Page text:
Ted Vinger, '57:
Rural/Small Town Ministry
Ted Vinger, knows just how to weave unobtrusively into the fabric of a community, providing consistent, compassionate support and excellent word and sacrament ministry.
For 35 years Vinger brought to rural and urban congregations, both small and large, "a ministry that fits the needs of God's people in that place," says Duane Hoven, a retired pastor from Rochester, Minn. "Wherever he has lived with his family, Ted has immersed himself in the local community...reaching out to people and conveying a genuine interest in them." Hoven notes that even in retirement in the small town of Zumbrota, Minn.,Vinger is frequently requested to preach for pastors of various protestant denominations who are on vacation or leave because "he knows 'the turf' and has become a vital part of the local scene."
Vinger's relational gifts have also helped him to effectively shepherd church leaders and spread a deeper appreciation of Lutheran theological education. He has created books and resources for pastors and lay leaders and mentored many pastors, guiding them in reflection about their ministries and leading them in textual studies. "His personal characteristics have always been exemplary--a deep religious faith coupled with a sturdy intellect, a fine ability to synthesize, coach and lead, and an extraordinary compassion for people," says Herbert Stellner, Jr., of Kasson, Minn.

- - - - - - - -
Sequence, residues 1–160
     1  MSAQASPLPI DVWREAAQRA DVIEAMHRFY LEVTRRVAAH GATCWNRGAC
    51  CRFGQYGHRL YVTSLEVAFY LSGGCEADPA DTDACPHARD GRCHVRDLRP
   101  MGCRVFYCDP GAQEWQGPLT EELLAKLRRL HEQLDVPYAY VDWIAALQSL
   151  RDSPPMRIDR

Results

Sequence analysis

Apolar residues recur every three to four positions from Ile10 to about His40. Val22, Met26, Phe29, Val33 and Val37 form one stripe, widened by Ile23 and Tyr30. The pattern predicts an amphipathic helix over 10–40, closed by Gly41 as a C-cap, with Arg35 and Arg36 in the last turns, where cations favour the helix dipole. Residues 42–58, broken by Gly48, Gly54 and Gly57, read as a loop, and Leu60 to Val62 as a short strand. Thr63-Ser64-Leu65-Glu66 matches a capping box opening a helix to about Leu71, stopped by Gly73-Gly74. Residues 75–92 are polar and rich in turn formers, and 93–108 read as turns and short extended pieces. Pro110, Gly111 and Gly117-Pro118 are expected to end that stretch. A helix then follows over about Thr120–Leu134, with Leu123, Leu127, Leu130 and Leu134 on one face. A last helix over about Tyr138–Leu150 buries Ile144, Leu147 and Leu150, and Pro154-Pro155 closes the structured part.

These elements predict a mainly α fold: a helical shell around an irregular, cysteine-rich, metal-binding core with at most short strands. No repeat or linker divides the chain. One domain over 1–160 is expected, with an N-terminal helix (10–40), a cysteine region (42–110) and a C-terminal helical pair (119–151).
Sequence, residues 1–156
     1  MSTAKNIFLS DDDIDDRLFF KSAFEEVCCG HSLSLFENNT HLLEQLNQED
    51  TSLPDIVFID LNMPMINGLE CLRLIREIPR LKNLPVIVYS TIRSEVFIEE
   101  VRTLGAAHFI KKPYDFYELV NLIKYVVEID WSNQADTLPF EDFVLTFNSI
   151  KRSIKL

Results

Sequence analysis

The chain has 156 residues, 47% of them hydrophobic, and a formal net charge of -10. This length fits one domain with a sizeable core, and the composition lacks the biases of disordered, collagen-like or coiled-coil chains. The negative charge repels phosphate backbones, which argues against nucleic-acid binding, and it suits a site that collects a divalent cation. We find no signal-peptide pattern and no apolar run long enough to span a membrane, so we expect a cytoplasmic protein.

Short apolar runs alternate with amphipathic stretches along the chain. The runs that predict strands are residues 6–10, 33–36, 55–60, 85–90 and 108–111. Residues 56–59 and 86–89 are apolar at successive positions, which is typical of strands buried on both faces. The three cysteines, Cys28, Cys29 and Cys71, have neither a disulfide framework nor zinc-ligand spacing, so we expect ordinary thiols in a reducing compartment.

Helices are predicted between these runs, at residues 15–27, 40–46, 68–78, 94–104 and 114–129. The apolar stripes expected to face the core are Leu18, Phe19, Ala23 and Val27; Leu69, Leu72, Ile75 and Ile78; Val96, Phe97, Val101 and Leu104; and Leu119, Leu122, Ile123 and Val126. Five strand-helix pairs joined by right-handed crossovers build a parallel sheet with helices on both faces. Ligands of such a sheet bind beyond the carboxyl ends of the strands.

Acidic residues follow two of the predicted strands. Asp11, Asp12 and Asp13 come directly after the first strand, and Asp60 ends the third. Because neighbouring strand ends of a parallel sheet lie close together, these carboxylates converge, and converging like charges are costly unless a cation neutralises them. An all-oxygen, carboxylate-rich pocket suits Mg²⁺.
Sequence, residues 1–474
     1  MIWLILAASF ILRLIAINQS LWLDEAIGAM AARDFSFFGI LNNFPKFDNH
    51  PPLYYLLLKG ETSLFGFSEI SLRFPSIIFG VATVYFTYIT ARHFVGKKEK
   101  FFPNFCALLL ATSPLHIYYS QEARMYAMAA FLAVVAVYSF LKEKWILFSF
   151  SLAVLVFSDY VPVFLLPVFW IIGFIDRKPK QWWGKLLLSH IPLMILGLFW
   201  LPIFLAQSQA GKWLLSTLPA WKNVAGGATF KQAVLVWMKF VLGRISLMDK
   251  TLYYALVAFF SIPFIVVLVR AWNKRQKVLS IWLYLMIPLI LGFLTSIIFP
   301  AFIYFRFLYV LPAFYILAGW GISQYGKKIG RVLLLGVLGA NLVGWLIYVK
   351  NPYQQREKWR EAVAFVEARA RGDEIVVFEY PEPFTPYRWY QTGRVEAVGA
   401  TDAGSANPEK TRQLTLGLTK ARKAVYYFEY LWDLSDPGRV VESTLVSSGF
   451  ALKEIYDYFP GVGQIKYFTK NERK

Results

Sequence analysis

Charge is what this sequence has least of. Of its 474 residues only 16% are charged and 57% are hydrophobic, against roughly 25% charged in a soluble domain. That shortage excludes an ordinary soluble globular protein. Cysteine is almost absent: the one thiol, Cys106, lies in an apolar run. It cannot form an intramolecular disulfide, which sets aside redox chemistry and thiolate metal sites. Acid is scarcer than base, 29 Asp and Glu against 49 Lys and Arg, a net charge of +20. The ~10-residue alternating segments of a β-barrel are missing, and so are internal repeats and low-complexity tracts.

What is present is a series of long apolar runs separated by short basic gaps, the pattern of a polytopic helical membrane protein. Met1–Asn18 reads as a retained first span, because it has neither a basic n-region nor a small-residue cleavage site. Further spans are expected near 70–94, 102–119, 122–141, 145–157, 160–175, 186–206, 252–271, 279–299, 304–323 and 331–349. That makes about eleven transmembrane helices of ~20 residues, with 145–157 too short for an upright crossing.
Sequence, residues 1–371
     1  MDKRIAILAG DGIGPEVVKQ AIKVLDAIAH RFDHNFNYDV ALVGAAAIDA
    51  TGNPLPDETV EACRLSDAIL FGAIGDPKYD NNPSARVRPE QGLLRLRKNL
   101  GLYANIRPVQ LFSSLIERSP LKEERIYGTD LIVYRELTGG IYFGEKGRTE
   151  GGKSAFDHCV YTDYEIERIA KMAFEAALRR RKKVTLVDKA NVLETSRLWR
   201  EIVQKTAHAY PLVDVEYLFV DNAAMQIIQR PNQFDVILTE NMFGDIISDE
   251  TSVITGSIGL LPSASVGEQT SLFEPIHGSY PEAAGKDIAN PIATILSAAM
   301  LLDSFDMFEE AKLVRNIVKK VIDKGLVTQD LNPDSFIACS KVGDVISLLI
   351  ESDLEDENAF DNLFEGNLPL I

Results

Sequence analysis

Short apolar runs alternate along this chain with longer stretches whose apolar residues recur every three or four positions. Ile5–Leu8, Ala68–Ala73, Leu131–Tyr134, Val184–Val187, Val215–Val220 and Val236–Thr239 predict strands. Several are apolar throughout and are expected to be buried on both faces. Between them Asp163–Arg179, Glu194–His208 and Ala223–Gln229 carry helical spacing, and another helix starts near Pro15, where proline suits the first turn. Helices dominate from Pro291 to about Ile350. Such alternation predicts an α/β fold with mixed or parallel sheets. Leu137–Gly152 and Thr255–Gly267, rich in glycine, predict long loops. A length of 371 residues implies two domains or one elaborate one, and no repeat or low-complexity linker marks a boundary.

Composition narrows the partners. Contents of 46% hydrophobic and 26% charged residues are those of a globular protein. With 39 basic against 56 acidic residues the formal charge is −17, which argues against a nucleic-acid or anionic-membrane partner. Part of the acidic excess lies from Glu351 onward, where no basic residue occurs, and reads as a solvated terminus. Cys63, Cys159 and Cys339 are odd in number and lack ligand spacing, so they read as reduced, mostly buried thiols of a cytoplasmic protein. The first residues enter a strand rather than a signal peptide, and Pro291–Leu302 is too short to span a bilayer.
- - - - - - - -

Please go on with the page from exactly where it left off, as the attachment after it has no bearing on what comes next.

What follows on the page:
From Vinger's point of view, however, his ministry is not about what he has accomplished, but rather what God has accomplished through God's steadfast love and the gift of endless new beginnings. "I have failed many times," says Vinger, "but the Lord of the Church has never failed...In ministry, one finds it very important to remember who one is--a baptized child of God--and to remember that one's real calling is faithfulness to a word and sacrament ministry within the framework of the gift of our Lutheran heritage."
Michael Lockerby, pastor of Holden Dale Lutheran Parish in Kenyon, Minn., sums up Vinger's years of faithful service to God's call for his life: "Ted has seriously and joyfully served the church ... He has been a steadfast and skilled laborer in the Lord's vineyard."